Peregrine Precision~

Peregrines dive as if in a dream,
snatching birds in mid-flight,

landing to administer the coup de grace.
Mantling prey on the ground for seconds,


they soon return to rule the skies!

Cheers to you from the lightening-fast-Falcons~

Note: Peregrine Falcons are the fastest-moving creatures on earth and have been clocked diving at up to 242 mph!

328 thoughts on “Peregrine Precision~

  1. I am very impressed that you managed to get A photo, let alone a half dozen excellent ones!
    Years ago, when we lived in SC, a peregrine falcon chased a cardinal into one of our sliding doors … knocked itself out and broke the cardinal’s neck – HUGH BANG – I about had a heart attack upon seeing what I thought was a dead peregrine toes up on my deck… I went to get a shovel, but when I returned, both peregrine and cardinal were gone.
    After that, small birds frequently hit that window, but the peregrine never made that mistake a 2nd time … obviously did use the information to its advantage, though.

    1. WOW! They are very intelligent and your story affirms this. So they used the glass after that mishap to stun prey. Amazing! I have seen them kill two birds in the air who dropped to the ground. I went to check on the birds who appeared to have broken necks. I did some work around the house and when I went to pick them up, they were gone!! They are incredible stealth fliers!

      1. Exactly! That is why I am so impressed that you managed to get six photos! I tried to get a photo of that bird for years – never even captured a blurry tail feather.

        1. We typically have around 200 or so birds hanging out close to The Holler’s feeders and water station. When Peregrines are in the sky, they all mysteriously vanish and silence reigns!

  2. A fierce looking beauty! 🙂 Especially in the first two pictures… After some food he/she seems more relaxed, though… or is that only my impression? 😉
    Is the last one the same bird?


    1. I think you are correct. They mantle their food, which is hovering over it with their wings covering the prey. I definitely noticed a more relaxed demeanor aftet the prey was consumed. He may have felt he no longer had to defend it since it was in his stomach! The last bird is different~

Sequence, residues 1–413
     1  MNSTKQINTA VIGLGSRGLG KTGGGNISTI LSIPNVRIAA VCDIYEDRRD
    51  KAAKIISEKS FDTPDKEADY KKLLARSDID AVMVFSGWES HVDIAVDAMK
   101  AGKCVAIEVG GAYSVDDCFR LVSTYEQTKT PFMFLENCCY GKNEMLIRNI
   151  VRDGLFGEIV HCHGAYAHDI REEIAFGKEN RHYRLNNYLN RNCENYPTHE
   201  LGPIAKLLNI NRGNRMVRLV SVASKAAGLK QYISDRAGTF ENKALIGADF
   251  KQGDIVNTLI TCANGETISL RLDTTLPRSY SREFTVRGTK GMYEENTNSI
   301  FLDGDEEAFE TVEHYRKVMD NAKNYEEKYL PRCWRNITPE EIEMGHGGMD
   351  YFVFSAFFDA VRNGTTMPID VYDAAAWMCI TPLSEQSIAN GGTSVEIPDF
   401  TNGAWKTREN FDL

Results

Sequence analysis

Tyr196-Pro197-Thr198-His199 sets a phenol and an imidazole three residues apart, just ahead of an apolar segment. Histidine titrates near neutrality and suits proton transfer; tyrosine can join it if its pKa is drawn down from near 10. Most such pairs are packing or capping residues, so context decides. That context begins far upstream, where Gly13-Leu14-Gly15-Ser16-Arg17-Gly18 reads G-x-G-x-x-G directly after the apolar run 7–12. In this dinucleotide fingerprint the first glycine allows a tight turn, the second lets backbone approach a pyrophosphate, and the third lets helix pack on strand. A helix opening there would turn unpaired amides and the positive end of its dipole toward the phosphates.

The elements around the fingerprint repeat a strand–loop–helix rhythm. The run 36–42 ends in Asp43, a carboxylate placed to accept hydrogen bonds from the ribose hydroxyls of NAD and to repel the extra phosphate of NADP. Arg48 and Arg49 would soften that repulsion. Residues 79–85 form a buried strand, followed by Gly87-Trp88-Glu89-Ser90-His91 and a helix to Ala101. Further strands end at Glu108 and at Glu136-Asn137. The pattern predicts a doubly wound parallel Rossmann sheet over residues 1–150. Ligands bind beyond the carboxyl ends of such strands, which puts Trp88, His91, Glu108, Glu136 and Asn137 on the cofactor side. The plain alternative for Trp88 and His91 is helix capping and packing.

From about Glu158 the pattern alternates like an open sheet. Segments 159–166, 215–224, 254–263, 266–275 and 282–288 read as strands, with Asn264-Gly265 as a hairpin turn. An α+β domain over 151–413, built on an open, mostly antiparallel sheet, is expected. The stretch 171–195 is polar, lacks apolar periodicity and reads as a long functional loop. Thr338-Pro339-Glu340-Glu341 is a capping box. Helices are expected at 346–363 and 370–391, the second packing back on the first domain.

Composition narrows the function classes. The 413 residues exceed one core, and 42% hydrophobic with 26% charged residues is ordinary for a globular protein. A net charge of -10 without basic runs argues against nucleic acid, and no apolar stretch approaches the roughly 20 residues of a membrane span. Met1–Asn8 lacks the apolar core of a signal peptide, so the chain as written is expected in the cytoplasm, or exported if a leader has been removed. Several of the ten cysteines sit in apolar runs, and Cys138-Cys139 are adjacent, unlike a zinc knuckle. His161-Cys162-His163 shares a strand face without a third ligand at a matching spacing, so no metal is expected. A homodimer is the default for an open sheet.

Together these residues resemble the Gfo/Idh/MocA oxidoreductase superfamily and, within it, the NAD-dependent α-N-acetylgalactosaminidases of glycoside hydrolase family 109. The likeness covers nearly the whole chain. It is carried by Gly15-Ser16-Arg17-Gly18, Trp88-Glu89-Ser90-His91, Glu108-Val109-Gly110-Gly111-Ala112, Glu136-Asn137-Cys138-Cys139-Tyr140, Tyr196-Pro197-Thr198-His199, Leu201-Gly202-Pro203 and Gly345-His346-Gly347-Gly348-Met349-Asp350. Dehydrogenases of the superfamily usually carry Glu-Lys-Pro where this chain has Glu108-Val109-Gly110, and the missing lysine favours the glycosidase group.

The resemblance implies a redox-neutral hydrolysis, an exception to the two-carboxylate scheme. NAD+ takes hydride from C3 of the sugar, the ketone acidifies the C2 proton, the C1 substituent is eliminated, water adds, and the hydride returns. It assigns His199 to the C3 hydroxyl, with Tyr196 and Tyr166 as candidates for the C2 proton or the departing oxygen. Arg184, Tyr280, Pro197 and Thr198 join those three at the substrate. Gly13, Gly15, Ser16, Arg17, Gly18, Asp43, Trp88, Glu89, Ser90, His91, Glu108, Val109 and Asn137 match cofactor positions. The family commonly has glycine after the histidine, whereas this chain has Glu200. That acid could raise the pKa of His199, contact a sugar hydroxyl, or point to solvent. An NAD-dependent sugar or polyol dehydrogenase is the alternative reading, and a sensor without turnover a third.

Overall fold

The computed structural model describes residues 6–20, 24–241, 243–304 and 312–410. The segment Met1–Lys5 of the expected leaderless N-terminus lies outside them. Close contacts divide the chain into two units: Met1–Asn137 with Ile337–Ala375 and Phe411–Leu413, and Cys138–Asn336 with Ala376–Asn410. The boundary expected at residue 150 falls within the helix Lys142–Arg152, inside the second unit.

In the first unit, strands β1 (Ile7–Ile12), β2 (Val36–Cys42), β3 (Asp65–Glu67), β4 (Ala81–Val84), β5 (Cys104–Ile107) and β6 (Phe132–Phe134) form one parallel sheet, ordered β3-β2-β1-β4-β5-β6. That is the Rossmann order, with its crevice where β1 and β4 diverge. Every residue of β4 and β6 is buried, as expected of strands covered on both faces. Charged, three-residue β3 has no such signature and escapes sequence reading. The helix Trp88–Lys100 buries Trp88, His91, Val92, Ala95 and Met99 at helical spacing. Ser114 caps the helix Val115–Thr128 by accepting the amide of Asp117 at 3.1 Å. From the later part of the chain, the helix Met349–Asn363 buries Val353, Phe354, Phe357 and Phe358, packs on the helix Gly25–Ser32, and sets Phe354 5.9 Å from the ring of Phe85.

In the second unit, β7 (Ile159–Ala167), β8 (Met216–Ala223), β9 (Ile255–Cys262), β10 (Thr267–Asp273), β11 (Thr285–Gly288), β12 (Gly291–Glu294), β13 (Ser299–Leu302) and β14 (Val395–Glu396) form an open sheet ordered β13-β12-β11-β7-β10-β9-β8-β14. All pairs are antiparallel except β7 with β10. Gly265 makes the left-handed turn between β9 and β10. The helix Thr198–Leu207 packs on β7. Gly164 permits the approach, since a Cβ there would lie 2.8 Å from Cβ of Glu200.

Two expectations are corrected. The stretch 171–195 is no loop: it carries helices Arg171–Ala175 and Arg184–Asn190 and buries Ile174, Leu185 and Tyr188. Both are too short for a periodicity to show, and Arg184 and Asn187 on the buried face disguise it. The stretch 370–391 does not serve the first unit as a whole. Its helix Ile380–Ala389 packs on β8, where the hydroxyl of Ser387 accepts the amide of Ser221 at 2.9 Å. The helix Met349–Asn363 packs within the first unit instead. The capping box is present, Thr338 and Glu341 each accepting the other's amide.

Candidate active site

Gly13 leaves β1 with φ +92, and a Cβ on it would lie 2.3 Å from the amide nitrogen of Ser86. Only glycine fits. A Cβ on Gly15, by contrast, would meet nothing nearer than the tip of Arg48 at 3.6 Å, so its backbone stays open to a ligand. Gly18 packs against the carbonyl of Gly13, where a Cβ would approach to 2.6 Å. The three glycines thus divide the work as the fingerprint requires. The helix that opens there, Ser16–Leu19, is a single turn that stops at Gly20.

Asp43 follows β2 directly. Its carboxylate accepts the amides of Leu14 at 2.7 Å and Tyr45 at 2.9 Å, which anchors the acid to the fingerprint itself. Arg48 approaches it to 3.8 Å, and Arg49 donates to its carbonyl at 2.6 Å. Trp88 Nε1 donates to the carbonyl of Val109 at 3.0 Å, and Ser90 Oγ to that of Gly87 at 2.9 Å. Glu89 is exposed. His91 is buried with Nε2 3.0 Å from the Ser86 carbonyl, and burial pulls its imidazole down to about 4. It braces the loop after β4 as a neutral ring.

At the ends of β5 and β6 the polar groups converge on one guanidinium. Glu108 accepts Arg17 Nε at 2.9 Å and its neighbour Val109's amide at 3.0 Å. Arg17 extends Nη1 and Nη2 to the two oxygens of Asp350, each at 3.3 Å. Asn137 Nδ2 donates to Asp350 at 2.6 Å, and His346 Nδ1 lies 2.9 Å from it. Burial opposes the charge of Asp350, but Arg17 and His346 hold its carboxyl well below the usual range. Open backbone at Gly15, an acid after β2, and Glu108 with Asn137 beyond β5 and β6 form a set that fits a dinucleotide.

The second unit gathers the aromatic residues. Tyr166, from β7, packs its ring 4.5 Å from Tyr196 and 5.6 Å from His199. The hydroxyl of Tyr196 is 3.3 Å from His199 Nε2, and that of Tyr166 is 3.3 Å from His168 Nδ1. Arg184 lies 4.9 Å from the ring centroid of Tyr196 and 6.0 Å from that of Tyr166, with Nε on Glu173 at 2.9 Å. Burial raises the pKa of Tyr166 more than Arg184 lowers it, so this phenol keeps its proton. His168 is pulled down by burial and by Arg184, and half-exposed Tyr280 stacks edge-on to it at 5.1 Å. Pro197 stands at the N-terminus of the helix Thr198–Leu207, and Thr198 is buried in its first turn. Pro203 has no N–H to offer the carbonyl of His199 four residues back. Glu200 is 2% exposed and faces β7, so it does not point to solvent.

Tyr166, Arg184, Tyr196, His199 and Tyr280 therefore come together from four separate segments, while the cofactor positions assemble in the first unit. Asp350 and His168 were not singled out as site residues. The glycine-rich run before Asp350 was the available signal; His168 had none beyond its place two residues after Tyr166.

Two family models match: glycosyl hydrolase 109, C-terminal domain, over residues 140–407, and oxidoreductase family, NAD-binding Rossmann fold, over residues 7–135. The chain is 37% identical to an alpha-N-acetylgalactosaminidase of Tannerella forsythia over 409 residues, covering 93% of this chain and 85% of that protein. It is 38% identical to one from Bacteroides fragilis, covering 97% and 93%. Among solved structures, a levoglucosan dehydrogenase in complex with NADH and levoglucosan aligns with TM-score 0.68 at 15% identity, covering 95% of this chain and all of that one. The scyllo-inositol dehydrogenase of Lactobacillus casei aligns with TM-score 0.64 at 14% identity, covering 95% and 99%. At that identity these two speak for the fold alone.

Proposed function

1. Really! Wow! The only time I have found nests was when we were rafting down the Grand Canyon, They nested in the cliffs of the marble canyon and played the jet stream of our raft as we hurtled through the rapids. They are stunning creatures!

    1. Yes they are especially amazing to watch flying. We live on a mountain and they plummet from high altitude and snatch birds out of oak trees. Every once in a blue moon, you can see them still, but it is so rare. All the birds, even the hummers are terrified of them.

  3. Beautifully captured – as usual! The peregrines once were on the verge of extinction here in Sweden, but are coming back due to effective work from nature lovers.

  4. We have them in downtown Boise. They were reintroduced in town, but Idaho always had them. There is even a live camera on the Simplot Building where you can watch the babies hatch and grow up.

    1. Oh that is so cool. I have never seen where they nest at The Holler. I did see nests on the cliffs of the Grand Canyon when we rafted down it, but those are the only nests I’ve ever seen. I will look for the video from the Simplot Building.

      1. Falcons are incredible raptors. The Egyptians trained falcons and used them for falconry and adorned their temples with images of them. Like hummingbirds they are incredible fliers and seem to touch humans on a deeply symbolic level. I can see why a movie featuring falcons would leave such a lasting impression on you~

        1. I knew Falcons were fast but had not realized they could fly at speeds over 200 miles an hour…that’s incredible. I learned a lot about letting wild and free creatures be wild and free in their natural environment when I lived in Arizona. When you grow up in rural forests or urban concrete you don’t see wildlife living as it is natural for it to do. In the desert you see everything…nature in the raw. I realized that the day I saw a Roadrunner smash a baby Gambel Quail on a rock…I didn’t intervene…nature can appear to be cruel but the Roadrunner was simply surviving. It was a tremendous lesson to me…to let nature be nature…when human instinct says rush in and save the bird.

          1. Yes, it is a quite a learning curve to move from the city or suburbs to a wild place. I thought I made the wrong decision for about a year. I was afraid of the coyote packs, the rattle snakes. the coydogs and the black widow spided. Now I just take precautions, and photos! Living in a wild space is very good for one’s psyche. The wild animals teach you how to live, so I understand exactly what you are saying.